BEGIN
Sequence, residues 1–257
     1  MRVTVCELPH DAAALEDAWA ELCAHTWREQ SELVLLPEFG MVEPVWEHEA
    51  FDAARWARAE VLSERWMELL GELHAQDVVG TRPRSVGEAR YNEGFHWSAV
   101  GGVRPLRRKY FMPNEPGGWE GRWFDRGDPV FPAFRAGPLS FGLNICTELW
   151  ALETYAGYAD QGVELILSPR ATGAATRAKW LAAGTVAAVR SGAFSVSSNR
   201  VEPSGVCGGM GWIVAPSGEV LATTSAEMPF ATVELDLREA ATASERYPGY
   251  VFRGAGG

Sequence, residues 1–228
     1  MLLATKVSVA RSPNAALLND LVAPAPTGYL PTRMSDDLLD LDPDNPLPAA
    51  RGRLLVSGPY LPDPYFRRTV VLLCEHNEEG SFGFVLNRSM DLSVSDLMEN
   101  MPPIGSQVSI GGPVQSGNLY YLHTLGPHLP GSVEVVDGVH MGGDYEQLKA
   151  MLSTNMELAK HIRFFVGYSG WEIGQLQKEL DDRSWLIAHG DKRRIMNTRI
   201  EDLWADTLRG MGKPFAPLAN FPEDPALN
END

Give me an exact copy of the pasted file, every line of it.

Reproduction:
Sequence, residues 1–257
     1  MRVTVCELPH DAAALEDAWA ELCAHTWREQ SELVLLPEFG MVEPVWEHEA
    51  FDAARWARAE VLSERWMELL GELHAQDVVG TRPRSVGEAR YNEGFHWSAV
   101  GGVRPLRRKY FMPNEPGGWE GRWFDRGDPV FPAFRAGPLS FGLNICTELW
   151  ALETYAGYAD QGVELILSPR ATGAATRAKW LAAGTVAAVR SGAFSVSSNR
   201  VEPSGVCGGM GWIVAPSGEV LATTSAEMPF ATVELDLREA ATASERYPGY
   251  VFRGAGG

Sequence, residues 1–228
     1  MLLATKVSVA RSPNAALLND LVAPAPTGYL PTRMSDDLLD LDPDNPLPAA
    51  RGRLLVSGPY LPDPYFRRTV VLLCEHNEEG SFGFVLNRSM DLSVSDLMEN
   101  MPPIGSQVSI GGPVQSGNLY YLHTLGPHLP GSVEVVDGVH MGGDYEQLKA
   151  MLSTNMELAK HIRFFVGYSG WEIGQLQKEL DDRSWLIAHG DKRRIMNTRI
   201  EDLWADTLRG MGKPFAPLAN FPEDPALN